Ten people died after sludge was dumped in Ivory Coast, shedding light on the problem of Third World countries accepting toxic and electronic waste.
ABIDJAN, Ivory Coast — Not long after hundreds of tons of toxic waste were jettisoned around Ivory Coast’s main city under cover of darkness, Jean-Jacques Kakou and thousands of others awoke to an overpowering stench that burned the eyes and made it hard to breathe.
Three weeks later, Kakou was dead — one of at least 10 deaths authorities suspect were linked to dumping that has thrown light on a growing global trade in hazardous waste. Poison is still being shipped out of developed nations to the Third World despite international legislation.
“This is a wake-up call,” Greenpeace’s Helen Perivier said of the one of the worst waste scandals of the last decade — one that saw toxic black sludge dumped at 17 sites in Abidjan on Aug. 19.
Two months later, the cleanup is still under way.
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Outrage over similar incidents in the 1980s, including the dumping by Italian businessmen of 8,000 drums of chemical waste on a Nigerian beach in 1987, prompted creation of international legislation.
The so-called Basel Convention was amended in 1995 to include a ban on toxic-waste shipments from industrialized nations, and experts say it has helped stem the flow of many kinds of chemical or industrial wastes to Africa and Asia.
But other detritus from the developed world known as electronic waste — discarded computers and televisions sets — is growing and may be an even greater concern, environmental experts say. According to the U.N., about 20 million to 50 million tons of “e-waste” is generated worldwide annually. Such waste contains toxins like lead and mercury or other chemicals that can poison waterways if buried or pour toxins into the air if burned.
“Hazardous electronic waste is flowing to Africa on container ships every day. It’s not as dramatic as was what happened in Ivory Coast, but over the long run it will have more of an environmental impact,” Jim Puckett, founder of the Seattle-based environmental watchdog, Basel Action Network, told The Associated Press by telephone from London.
“More of it is being produced and it is still flowing down the path of least resistance — from the rich countries to the poor,” he said.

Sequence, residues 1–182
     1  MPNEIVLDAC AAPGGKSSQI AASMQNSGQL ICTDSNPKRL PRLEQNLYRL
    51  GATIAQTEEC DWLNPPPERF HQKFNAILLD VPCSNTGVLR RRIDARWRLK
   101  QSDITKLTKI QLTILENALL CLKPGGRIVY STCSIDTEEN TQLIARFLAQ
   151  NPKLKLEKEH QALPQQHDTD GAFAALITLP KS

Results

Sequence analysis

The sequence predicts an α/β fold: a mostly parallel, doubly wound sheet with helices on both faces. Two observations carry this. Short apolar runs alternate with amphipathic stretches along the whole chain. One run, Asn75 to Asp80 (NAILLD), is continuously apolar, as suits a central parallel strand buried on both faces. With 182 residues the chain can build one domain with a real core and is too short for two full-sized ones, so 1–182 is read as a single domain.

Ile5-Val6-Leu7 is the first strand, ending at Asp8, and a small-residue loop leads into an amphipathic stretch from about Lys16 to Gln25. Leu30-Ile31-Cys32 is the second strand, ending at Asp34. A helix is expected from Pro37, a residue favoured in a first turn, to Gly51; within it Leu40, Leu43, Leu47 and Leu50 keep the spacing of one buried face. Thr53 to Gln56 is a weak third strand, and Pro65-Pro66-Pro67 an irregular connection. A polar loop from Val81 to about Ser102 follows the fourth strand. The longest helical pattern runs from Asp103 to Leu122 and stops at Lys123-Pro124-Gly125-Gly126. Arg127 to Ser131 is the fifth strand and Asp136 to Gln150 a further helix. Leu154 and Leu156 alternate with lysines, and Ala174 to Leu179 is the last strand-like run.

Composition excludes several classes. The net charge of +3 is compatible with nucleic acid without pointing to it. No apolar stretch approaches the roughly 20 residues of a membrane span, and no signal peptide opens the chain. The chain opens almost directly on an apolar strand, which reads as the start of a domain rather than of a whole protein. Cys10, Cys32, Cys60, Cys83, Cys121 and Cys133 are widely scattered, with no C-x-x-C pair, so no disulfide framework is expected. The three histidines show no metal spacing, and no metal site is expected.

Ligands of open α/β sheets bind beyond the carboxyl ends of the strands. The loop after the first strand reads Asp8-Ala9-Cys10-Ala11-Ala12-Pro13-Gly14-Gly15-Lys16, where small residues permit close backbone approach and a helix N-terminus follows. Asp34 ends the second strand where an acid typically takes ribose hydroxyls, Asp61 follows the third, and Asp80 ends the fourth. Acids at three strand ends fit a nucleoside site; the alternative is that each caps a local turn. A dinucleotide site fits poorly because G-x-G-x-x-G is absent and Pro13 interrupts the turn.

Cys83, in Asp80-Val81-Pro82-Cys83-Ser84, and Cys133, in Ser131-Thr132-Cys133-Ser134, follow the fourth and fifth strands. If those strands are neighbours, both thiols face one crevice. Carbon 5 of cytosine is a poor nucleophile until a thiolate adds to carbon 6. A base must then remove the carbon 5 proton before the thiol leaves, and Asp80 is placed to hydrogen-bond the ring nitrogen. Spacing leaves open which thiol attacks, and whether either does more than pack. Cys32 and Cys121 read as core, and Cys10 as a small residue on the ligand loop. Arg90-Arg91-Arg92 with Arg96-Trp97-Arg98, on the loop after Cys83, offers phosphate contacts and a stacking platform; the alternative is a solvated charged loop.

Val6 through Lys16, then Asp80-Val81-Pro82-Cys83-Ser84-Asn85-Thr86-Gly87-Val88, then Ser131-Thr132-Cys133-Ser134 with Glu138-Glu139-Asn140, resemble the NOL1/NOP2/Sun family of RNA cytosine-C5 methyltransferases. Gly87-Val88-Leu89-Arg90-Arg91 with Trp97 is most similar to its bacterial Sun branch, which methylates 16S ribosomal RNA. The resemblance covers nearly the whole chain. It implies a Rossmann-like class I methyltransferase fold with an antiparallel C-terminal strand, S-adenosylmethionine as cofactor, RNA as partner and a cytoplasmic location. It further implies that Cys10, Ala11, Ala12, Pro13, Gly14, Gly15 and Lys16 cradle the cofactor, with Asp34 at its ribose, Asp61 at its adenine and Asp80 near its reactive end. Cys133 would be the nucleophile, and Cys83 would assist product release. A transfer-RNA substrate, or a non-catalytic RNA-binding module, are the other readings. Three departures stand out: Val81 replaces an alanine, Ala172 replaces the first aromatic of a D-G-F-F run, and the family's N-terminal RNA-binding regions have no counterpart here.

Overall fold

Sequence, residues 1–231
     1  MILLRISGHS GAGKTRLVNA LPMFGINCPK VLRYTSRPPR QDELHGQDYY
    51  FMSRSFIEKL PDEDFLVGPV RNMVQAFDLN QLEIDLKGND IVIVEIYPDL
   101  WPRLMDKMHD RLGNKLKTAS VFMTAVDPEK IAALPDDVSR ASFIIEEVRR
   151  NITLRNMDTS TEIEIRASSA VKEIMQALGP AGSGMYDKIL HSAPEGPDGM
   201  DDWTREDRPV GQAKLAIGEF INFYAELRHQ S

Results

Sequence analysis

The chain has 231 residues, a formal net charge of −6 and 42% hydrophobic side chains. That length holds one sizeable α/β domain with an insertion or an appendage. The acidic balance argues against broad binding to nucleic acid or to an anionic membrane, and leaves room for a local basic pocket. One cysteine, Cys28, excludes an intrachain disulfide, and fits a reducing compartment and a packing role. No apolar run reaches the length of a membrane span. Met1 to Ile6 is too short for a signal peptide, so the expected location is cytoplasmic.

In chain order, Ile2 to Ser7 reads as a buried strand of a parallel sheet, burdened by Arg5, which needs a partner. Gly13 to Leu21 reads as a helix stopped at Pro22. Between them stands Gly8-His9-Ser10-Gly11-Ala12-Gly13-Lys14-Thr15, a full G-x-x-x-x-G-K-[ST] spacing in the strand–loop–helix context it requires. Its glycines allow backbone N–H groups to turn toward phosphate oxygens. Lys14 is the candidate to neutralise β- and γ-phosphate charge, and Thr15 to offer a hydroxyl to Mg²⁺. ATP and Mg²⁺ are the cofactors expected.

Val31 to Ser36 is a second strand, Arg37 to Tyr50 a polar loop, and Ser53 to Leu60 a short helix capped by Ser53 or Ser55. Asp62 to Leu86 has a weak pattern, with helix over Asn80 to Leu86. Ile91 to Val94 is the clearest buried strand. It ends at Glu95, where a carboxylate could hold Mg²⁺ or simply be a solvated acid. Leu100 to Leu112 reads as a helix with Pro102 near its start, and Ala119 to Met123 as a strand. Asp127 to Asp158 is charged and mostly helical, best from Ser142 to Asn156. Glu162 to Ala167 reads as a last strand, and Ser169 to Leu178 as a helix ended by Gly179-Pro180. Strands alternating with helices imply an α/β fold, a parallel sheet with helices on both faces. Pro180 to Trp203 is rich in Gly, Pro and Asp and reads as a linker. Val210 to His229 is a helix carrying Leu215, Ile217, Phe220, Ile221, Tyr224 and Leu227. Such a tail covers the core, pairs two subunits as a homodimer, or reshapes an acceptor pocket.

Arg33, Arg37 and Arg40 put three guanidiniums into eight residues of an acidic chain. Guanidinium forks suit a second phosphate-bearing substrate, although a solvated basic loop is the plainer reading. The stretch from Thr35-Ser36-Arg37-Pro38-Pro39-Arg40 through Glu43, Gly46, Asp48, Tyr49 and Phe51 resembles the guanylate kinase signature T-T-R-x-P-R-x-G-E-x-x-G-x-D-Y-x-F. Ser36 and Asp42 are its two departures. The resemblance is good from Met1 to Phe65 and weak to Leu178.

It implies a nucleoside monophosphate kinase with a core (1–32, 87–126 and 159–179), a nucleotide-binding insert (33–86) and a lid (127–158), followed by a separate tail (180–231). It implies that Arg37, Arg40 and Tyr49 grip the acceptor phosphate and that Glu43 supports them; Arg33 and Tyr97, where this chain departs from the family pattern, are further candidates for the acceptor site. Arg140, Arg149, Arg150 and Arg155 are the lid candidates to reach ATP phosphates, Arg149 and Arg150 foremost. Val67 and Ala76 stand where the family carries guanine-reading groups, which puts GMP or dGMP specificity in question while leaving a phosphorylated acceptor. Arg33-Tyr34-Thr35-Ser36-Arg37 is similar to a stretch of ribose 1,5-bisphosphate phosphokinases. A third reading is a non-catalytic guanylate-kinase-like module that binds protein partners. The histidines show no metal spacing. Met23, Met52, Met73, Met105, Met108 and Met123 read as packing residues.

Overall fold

Some African states, including Ivory Coast, have failed to ratify the main amendment to the Basel Convention. Key nations like the United States — which produces the most hazardous waste per capita of any country in the world — have rejected it altogether.
Ivory Coast’s own tragedy began July 2, when a Korean-built, Greek-managed, Panamanian-flagged tanker chartered by the multibillion-dollar Dutch commodities-trading company Trafigura Beheer BV docked in Amsterdam to discharge its load, according to Greenpeace. The ship had been acting as a storage vessel for unrefined gasoline, and Trafigura said it was trying to get rid of “washings” left behind after a routine cleaning with caustic soda.
Amsterdam port officials agreed to dispose of the waste for $15,000, but after realizing it was a bigger load and tougher to cope with than expected, upped the price. Trafigura refused to pay, and left.
The ship traveled on to Estonia, and then Africa — where it found a local company in Ivory Coast called Tommy that agreed to dispose of the waste for roughly the original price.
But Tommy lacked facilities to get rid of the waste. Ivorian officials and witnesses say more than a dozen trucks contracted by Tommy simply poured 528 tons of the waste at 17 public sites around Abidjan after midnight Aug. 19: the lagoonside city’s main garbage dump;a roadside field beside a prison.; a sewage canal.
Tests later showed the sludge contained mercaptans and hydrogen sulfide, a potent poison that, particularly in confined spaces, can cause blackouts, respiratory failure and death.
More than 100,000 Abidjan residents sought treatment, 69 were hospitalized and 10 died, though the exact reasons are still under investigation.